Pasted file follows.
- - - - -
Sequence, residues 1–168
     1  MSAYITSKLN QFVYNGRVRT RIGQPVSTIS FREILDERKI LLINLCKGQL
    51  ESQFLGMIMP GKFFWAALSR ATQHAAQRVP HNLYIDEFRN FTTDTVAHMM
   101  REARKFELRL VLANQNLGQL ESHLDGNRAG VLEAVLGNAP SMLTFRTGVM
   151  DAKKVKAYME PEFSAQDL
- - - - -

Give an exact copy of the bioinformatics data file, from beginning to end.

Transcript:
Sequence, residues 1–168
     1  MSAYITSKLN QFVYNGRVRT RIGQPVSTIS FREILDERKI LLINLCKGQL
    51  ESQFLGMIMP GKFFWAALSR ATQHAAQRVP HNLYIDEFRN FTTDTVAHMM
   101  REARKFELRL VLANQNLGQL ESHLDGNRAG VLEAVLGNAP SMLTFRTGVM
   151  DAKKVKAYME PEFSAQDL